Lately, we’ve been in a busy season at work.  The week of Labor Day, I worked past 11 p.m. most nights.  The following week was spent recovering from the sleep deficit and catching up on all those household things I had been putting aside because of work.  Going for so long without posting also got me into the bad habit of not posting regularly.

After going through my statistics–number of views and comments–I felt like I was a lone voice in the wilderness.  There were numerous days with only one view, most likely my wife, and at least three days where there were no views at all.  The blog is barely two months old and already is suffering from a lack of interest.  I gave serious thought to shutting it down.

It’s not time for that yet.  Recent events have led me to believe that I still need to keep posting regularly and that means that the blog will stay open for the moment.  I’ve had something happen to me that assured me that even though nobody is listening right now, that won’t always be the case.

So, I’m still here.  Stay tuned.

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A Feline Illustration

In our personal lives, we have various contacts with a transient population of cats.  We also have three fully domesticated cats living in our house.  In my reading about cats, I discovered, without any real sense of surpise, that domestic cats live much longer, healthier lives than feral–wild–cats.  The reasons vary, but it all boils down to one thing–dependency.

Domestic cats are fully dependent on the humans who care for them, while feral cats are not.  Feral cats go it alone most of the time, coming to humans for food once in awhile.  Domestic cats get food, water, health care and love from their human caretakers.  On average, their lives are much less brutal and uncertain than the lives of feral cats.  Feral cats are at the mercy of the elements and are in much greater danger from predators and other cats.  This situation provides me with an illustration of our relationship with God.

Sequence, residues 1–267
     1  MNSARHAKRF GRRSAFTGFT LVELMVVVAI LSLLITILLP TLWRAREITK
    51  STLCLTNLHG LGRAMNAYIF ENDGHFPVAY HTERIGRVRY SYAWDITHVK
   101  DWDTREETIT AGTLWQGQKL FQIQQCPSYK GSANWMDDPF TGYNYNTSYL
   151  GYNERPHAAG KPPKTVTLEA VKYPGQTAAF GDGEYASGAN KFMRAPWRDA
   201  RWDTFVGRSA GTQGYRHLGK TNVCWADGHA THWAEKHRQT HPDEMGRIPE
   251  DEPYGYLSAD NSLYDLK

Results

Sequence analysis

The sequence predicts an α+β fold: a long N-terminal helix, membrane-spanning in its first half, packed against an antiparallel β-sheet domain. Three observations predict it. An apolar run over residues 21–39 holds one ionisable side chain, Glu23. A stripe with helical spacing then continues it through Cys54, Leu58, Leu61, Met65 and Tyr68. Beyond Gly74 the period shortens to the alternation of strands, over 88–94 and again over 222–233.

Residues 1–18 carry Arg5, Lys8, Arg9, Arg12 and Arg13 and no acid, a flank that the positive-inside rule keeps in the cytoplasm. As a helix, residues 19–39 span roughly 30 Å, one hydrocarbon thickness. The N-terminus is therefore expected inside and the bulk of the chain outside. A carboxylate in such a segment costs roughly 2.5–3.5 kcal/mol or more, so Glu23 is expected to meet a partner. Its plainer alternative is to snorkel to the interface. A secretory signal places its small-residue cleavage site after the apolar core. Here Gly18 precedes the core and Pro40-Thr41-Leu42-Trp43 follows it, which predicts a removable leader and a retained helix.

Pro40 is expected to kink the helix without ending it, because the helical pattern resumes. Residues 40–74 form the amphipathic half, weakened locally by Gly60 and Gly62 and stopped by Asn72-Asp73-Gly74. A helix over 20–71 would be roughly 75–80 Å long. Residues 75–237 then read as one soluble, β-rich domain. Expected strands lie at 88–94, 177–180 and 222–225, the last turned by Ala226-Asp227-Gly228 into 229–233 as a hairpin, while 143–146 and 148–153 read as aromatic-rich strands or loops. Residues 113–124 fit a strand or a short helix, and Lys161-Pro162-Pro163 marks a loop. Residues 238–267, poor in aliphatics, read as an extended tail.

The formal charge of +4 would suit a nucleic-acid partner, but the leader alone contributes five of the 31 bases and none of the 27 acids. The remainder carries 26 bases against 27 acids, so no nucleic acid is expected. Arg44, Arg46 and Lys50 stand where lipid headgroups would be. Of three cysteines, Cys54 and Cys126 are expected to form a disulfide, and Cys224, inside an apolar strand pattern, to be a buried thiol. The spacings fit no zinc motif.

Most of us are like feral cats.  We are independent and go about our daily lives without much thought of the role that God plays in our lives.  Once a week, some of us go to church for a little spiritual snack and then can’t wait to get out in time for the next football game.  We only seem to reach out to God when things get bad.  Then we turn to him and say, “Why did you let this happen?”, like somehow we have no responsibility for our own behavior.  Our lives are filled with drama and heartache.  We are deep in debt because we try to center our lives on material things like houses, cars, cellphones, and clothes.  We make bad choices because we don’t allow for God’s imput.  Then, we find ourselves trapped in the lifestyle in which we have placed ourselves.  We are reluctant to change because we have trouble trusting God, just like feral cats who don’t trust humans who just want to take care of them.

Like domestic cats, when we give our lives completely to God, we are much better off in the long run.  We learn to live according to his rules and fare much better for it.  That’s not to say that we don’t ever suffer.  We suffer because humans brought suffering into the world, so it is always with us.  But, we don’t have to suffer alone.  Eventually, we will be in fellowship with God without the barrier of sin between us.

When one brings a feral cat into their home, the feral cat continues with some of its untrusting behavior.  The transition can be tough, but eventually the cat calms down and becomes a loving member of the family.  When we make a transition from a worldly life to a more righteous life, there are struggles.  Trust me; this is something I know only too well.

I mentioned God’s imput earlier.  The best place to find it is in the Bible.  If you don’t find it there and you honestly know the difference between right and wrong, the default position is to “do the right thing.”